Financial Aid Refund Procedure
If a student receiving financial aid is eligible for a refund, that refund is returned to the Federal Financial Aid Program. If the amount of the refund exceeds the total amount of aid, the excess will be returned to the student. Federal regulations require that any student who has received a loan while attending NCNM and who leaves the college for any reason, including official leaves of absence, must participate in a loan exit counseling.
Return of Federal Title IV Funds
NCNM is required to recalculate federal financial aid eligibility for students who withdraw, drop out, are dismissed, or take a leave of absence prior to completing at least 60 percent of an academic quarter. Recalculation is done from the actual date the student begins the institution’s withdrawal process. For students who leave without notifying the institution, calculations will be made from the last day of recorded attendance or the midpoint of the quarter. Recalculation is based on formulas that determine the amount of aid earned and the amount of aid to be returned. The formulas used for recalculation can be obtained from NCNM’s Financial Aid Office. Federal refund calculations are completely independent of NCNM’s tuition refund policies. Federal Title IV Funds are always returned in the order mandated by the U.S. Department of Education. For graduate–level students attending NCNM the order is:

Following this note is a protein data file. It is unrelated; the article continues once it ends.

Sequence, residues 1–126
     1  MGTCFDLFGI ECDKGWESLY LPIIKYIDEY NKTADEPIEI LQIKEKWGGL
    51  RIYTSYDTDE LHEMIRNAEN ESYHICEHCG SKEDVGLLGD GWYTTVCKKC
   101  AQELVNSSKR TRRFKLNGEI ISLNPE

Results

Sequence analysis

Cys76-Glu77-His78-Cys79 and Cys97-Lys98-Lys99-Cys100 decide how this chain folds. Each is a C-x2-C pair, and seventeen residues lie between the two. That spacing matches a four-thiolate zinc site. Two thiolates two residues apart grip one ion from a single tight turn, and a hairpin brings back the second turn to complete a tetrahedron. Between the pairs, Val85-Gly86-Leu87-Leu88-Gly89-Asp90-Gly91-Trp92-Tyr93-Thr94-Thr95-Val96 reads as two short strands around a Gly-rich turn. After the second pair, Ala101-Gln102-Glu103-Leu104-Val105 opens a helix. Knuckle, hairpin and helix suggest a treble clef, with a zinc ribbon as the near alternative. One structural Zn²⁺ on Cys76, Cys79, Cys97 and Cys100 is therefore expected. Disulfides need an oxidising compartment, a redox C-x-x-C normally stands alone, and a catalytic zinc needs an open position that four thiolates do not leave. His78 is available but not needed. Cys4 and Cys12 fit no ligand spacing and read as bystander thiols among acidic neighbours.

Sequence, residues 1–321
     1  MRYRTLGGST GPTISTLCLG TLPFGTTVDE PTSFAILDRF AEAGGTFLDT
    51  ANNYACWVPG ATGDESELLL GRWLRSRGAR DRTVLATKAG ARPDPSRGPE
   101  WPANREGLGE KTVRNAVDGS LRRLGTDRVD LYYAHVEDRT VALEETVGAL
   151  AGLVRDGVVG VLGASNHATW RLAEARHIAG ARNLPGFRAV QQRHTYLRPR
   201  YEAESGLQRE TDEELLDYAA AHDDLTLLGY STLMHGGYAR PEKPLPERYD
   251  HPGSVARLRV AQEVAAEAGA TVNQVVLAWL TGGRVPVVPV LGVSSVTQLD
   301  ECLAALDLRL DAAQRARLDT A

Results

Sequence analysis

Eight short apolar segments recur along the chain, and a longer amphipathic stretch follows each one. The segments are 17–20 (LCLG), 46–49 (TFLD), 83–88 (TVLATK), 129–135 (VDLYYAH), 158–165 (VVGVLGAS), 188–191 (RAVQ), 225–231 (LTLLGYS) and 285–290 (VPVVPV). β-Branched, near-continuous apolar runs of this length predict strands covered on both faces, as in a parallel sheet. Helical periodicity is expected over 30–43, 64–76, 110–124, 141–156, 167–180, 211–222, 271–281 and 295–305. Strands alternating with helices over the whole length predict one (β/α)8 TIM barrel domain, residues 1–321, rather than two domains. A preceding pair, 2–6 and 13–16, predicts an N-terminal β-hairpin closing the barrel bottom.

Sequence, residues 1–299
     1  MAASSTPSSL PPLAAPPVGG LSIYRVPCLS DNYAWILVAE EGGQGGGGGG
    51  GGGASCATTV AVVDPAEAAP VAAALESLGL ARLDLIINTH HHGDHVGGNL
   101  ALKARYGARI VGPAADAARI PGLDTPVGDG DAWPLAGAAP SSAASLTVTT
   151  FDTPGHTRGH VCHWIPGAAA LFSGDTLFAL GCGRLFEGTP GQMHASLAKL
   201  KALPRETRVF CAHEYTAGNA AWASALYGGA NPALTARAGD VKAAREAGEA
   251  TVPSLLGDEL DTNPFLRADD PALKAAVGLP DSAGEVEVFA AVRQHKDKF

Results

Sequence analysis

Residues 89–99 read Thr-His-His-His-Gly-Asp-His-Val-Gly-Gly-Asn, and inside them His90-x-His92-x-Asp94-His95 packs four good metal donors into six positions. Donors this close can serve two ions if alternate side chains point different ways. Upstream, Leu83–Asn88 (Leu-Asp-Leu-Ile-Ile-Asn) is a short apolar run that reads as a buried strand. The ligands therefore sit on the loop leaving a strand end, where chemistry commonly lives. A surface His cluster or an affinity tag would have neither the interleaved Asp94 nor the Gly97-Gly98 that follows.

Note: The Federal Title IV refund calculations only apply to withdrawals from all classes. However, if a student changes track and if there is an adjustment made to her/his tuition charge, the Financial Aid Office may recalculate the student’s Cost of Attendance Budget to see if her/his aid eligibility has changed.
Part–time employment while enrolled in school can help make ends meet. However, due to the demands of the programs, students generally find their schedules limit the amount of time they can work to 20 hours per week or less. The Financial Aid Office administers a Federal Work–Study Program (FWSP) and maintains an online timesheet database.
Students with demonstrated financial needs and who indicate on the FAFSA application an interest in student employment are eligible to receive an award. FWSP is a federally subsidized program with a limited allocation, and award amounts are evaluated annually. The program allows students to work on or off campus to earn money to be applied to education–related expenses. Wage rates are $10 per hour and these jobs include positions such as teaching assistant, grader, library assistant, medicinary support, front desk help, patient coordinator and reading tutor.